It’s the surgery capital of the world, some tourists visit South Korea only for the cheap surgery they can have done. South Korea is notoriously known for its hyperfocus on appearance and cosmetic surgery
A lot of girls suffer under intense social pressure to look as beautiful as their models and K-Pop idols. It’s not uncommon to see plastic surgery advertisements for young girls in the subway. However, there seems to be a consensus on what the PERFECT nose, chin, cheeks, etc.
Maybe it’s owed in part to the security camera culture around here, but South Korea is almost as safe as Japan in terms of violence. People aren’t afraid to leave their cell phone sitting on a cafe table, they do it on purpose so everyone knows the seat is taken. Because CCTV are present literally everywhere, a thief could get tracked in reverse from the site of the crime back to him leaving his front door earlier that night.
Korean working culture is one of the most vicious in the world. There’s an essence of “your work is your family”, leaving people to sacrifice their health for a job that likely doesn’t care about them. People work round the clock, and therefore resort to unhealthy ways to blow off steam.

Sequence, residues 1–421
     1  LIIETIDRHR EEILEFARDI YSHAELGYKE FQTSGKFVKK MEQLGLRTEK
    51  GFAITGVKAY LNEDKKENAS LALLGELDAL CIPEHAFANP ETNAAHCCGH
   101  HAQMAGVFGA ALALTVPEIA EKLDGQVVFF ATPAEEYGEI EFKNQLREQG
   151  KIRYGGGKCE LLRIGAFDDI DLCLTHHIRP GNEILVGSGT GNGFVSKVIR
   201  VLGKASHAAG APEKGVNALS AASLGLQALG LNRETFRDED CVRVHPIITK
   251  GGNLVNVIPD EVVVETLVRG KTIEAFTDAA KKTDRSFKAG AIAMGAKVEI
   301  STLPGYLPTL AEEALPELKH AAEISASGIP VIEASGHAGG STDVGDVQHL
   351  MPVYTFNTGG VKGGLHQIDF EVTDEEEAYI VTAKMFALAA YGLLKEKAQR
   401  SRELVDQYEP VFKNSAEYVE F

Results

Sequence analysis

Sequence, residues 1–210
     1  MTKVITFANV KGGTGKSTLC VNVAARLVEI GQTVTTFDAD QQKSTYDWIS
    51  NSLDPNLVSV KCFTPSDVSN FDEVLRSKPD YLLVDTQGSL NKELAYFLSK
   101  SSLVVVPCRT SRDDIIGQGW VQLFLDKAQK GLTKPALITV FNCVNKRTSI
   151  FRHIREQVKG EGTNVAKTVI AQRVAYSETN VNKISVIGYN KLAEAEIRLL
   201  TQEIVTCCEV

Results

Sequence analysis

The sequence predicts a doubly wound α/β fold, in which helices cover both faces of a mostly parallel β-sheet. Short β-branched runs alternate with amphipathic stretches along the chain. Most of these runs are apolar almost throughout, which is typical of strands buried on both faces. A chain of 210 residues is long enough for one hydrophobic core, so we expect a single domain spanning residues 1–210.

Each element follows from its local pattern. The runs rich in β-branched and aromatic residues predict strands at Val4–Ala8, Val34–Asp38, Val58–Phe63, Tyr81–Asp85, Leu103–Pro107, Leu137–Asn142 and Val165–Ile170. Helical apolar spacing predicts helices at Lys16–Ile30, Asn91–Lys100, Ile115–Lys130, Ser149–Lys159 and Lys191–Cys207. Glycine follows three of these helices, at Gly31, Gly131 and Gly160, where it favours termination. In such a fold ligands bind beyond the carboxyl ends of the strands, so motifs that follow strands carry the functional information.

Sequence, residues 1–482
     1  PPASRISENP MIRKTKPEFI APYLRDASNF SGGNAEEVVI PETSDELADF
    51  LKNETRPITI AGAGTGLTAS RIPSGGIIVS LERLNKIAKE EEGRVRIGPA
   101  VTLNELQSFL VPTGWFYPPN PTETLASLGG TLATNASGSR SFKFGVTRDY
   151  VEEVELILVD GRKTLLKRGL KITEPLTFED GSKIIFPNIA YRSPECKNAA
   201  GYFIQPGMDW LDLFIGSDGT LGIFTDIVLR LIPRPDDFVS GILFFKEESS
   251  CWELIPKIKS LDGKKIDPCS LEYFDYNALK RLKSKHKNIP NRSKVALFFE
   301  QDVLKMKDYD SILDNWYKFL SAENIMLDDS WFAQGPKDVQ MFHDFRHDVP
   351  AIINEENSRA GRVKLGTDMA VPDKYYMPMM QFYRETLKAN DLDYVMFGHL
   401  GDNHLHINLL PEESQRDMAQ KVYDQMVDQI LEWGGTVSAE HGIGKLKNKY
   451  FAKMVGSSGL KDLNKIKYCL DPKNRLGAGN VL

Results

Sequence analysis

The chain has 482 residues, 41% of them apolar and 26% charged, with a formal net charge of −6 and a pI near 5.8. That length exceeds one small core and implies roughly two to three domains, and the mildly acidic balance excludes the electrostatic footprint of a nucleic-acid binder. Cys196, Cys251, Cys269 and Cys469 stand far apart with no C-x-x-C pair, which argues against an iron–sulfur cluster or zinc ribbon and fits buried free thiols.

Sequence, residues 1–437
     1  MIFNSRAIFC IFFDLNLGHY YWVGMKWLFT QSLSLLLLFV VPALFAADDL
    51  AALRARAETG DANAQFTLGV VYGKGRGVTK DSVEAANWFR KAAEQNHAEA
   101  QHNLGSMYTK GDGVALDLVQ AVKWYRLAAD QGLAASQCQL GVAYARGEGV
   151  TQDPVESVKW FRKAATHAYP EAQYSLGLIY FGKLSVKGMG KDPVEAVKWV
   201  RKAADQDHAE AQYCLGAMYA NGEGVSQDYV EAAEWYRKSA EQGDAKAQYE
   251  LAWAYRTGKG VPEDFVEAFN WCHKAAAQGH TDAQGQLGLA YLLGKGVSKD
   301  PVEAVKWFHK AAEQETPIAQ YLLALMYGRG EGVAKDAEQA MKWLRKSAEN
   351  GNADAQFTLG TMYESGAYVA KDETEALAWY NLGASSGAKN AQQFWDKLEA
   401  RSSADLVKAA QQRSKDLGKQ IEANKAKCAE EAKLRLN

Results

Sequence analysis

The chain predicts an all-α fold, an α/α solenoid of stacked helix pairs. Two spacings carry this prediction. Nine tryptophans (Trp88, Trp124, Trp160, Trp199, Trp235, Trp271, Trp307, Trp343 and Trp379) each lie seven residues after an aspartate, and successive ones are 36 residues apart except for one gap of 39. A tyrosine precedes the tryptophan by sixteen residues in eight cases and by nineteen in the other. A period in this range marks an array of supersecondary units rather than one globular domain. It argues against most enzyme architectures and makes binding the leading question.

4. Drinking culture
Drinking culture is legendary in Korea. Businessmen, families, college students, everybody drinks heavily, and often. Corporate drinking culture is also a well-known (and hated) aspect of life. Employees are required to go out drinking with their boss multiple nights a month, and must drink as much as the boss wants, or risk losing their position at work.
5. Shy English Speakers:
Korean people avoid speaking English at all costs even in Korean service industries. In other Asian countries, people will make an attempt to speak . before visiting Korea Learn your Korean!
Seoul is one of the most sustainable cities in the world. There’s an abundance of parks, WIFI on public buses (and it WORKS, can you believe that?), and some of the fastest internet in the world. Plus, the tap water is extremely clean.
7.Strict Social Hierarchy:
People in Korea will feel insulted if you asked them how old they are. to some of them, it’s determining how much respect one person owes another. Like bosses, your elders are to be spoken to with a different tone and demeanor than everyone else.